the embittered generation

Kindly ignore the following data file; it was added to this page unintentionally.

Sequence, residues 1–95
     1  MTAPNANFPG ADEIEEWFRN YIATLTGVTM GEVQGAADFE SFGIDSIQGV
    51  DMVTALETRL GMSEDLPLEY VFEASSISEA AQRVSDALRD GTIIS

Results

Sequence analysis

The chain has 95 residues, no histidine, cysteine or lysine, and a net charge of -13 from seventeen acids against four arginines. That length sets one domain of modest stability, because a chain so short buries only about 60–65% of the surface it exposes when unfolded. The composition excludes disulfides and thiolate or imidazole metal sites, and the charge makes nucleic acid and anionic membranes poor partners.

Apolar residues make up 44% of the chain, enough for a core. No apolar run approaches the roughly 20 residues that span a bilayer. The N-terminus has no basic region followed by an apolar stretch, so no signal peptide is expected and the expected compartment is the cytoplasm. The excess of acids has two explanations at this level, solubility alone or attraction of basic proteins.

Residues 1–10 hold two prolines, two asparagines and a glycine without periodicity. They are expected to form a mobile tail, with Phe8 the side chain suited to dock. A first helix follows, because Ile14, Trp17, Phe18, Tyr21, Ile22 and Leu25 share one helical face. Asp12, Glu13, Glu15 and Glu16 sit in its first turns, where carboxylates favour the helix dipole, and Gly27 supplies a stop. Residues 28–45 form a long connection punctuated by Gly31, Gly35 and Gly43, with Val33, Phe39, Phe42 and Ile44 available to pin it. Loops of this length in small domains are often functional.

IN ESTONIAN, the word is kurnatud. Embittered. The word came to me last night when I went to fetch a drunk friend. Why are we like this? I wondered. Even in our prime of youth, no one remarked on the optimism or forward-thinking zest of the youth of the day. Instead there was a rash of self-destructive tendencies. Suicides. Drug overdoses. They blamed it on the parents, the heavy metal, the gangster rap. But those were just manifestations of this curmudgeonly beast. When I look down at people 10 years younger, I see a resilience that among my peers is not there. When I look into the eyes of people 20 years younger, I see beauty and hopefulness. But we never had these things. Instead we have been kurnatud. Embittered. Again, why? I tried to explain it to a friend like this: maybe we just saw too much at an early age. Maybe we just burned out too young. The late 1980s and early 1990s were a dizzying era of change. Countries collapsed. New ones sprung up. It became almost boring — “Oh, Czechoslovakia is two countries now? So what?” “Oh, they cracked down on those Tienanmen Square protesters? Sad, but it happens.” Space shuttles were blowing up, nuclear reactors were melting down. Yeltsin was standing on a tank and then sending tanks against the parliament. Normal. Normaalne.  This theory doesn’t hold up though when you think of people 20 years older than us who saw presidents assassinated, missile crises, and mass protests. Who saw the tanks roll into Prague. So why are we so embittered, when we’ve arguably had it quite good? I just don’t know. There was even a song that came out in 1996 by a forgotten alternative rock group called Cracker, “I Hate My Generation.” The thing is, I understood it then and I understand it now. Recently, while enjoying coffee with a friend here who is two years older than me — she is 42, I am 40 — I said something like, “Oh, to be young and hopeful again.” To this, she responded in dry way, “But were we ever really young and hopeful?” Were we ever?

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